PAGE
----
23

I am confused with the grammar here. Which is grammatically correct?

  • At which time will you call me?

  • At what time will you call me?

And why?

26

In this sort of context which usually refers to a choice between previously defined alternatives. For instance:

I have some time free at 9:30, at 11:00 and at 1:30. At which time will you call me?

What is used when there are no such previously defined alternatives.

I have no appointments tomorrow, so I can talk at any time. At what time will you call me?

Both, however, are quite formal. Most people would say, simply

When will you call me?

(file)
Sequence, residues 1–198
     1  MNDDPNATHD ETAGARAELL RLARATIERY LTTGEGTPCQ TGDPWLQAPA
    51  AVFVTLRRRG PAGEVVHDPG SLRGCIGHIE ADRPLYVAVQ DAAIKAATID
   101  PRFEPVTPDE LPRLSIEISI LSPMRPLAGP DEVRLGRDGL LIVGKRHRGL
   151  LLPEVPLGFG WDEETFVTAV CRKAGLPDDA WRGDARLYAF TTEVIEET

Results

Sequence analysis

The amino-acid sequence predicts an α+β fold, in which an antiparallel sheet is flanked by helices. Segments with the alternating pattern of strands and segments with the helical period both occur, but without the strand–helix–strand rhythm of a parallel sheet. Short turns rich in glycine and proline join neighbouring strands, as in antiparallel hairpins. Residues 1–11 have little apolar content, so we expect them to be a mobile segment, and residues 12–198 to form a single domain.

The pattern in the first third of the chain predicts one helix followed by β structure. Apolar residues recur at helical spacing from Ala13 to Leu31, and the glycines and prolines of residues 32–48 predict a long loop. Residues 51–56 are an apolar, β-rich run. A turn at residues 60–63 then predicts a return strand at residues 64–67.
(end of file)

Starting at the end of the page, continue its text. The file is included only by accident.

6

I believe that though at which time is not grammatically wrong, you should stick with At what time will you call me? or even better: What time will you call (me) (again)?

Another idiomatic phrase is: When will you call?

Generally, when you ask a which question, it implies a choosing from choices. Asking for time usually an open question, so using what is better.

1

I'll add that "at which time" can also be used to introduce a non-restrictve relative clause:

The museum will remain closed until 6:00am, at which time we will open the doors to visitors.

Substituting "at what time" in place of "at which time" would not be appropriate in this sentence.

0

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